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Uecker Fan Facing Charges

July 02, 2006|From the Associated Press

MILWAUKEE — It began six or seven years ago, with a stream of flowers, baseball cards and teddy bears arriving in the mail.

The last straw came last month: a confrontation at a hotel pool in Pittsburgh.

Now Bob Uecker wants Ann Ladd to stay away.

The 71-year-old Uecker, the longtime and beloved radio broadcaster for the Milwaukee Brewers, has filed for a restraining order against Ladd, of Prospect Heights, Ill. Felony stalking charges have been filed against the 45-year-old Ladd, who was arrested in Illinois on June 22 and brought to Milwaukee.

On Wednesday, Ladd was released on bond and ordered to have no contact with Uecker, and to avoid any ballpark where the Brewers play. If convicted, Ladd could face up to 3 1/2 years in prison and a $25,000 fine.

Uecker, who has not commented publicly on the case, did not respond to an interview request from the Associated Press. Uecker's attorney, Andrew Wronski, declined to comment.

But in court documents, Uecker says that Ladd's "unwelcome contact is regular and increasingly aggressive," and the hotel incident "put him in fear of his physical safety."

One of Ladd's attorneys, Christopher Stawski, says Ladd's actions don't meet the legal definition of stalking.

"You have to show this kind of bad intent behind it, and I don't think what she did qualifies," Stawski said.

Court documents describe an unsettling string of contact and correspondence from Ladd, but there's nothing to rival a recent stalking case involving tennis player Anna Kournikova. Last year, a naked man tried to swim across Miami's Biscayne Bay to Kournikova's estate and ended up at the wrong house yelling, "Anna, save me!"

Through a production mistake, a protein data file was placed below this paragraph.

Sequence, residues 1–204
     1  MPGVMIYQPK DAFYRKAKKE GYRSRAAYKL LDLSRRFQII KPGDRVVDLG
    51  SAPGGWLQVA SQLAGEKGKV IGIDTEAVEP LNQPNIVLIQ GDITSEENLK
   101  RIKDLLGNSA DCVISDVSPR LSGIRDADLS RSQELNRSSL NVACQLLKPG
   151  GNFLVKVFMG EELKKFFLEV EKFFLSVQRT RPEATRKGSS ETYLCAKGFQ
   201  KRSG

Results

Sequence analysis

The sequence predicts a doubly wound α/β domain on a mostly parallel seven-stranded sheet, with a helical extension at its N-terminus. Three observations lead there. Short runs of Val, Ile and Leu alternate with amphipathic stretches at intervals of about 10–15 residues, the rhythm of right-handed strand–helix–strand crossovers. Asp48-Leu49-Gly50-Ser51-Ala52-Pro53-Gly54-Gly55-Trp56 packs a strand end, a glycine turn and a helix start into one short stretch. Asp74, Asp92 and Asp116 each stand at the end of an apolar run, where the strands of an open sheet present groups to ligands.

Given Uecker's image as someone famous for being not famous -- he used self-deprecating humor to turn a below-average baseball career into success as a broadcaster, beer pitchman and actor -- some people's first reaction might be to chuckle.

Who the heck would stalk Bob Uecker?

But Mindy Mechanic, a psychology professor at Cal State Fullerton who has studied stalking behavior, said no such case should be considered trivial.

"I'm sure it is scary, because you really don't know what that person is capable of," Mechanic said. "You don't know if they have access to a weapon. You don't know where they'll show up next."

Stawski said Uecker never had anything to fear.

"She's a baseball fan," Stawski said. "And like, I think, a lot of us, she enjoys listening to Bob Uecker on the radio. There was no intent, again, to harm him."

Stawski noted that Uecker "comes off on the radio as a guy who's approachable, friendly," and notes that Uecker often talks on the air about his interaction with fans.

"She just didn't perceive him as being so unapproachable as he apparently is," Stawski said.

The problem, however, came in the ways Ladd tried to approach Uecker.

According to court documents, Ladd began by mailing him gifts and items to autograph, first to his office at Milwaukee's Miller Park and then to his homes in Wisconsin and Arizona.

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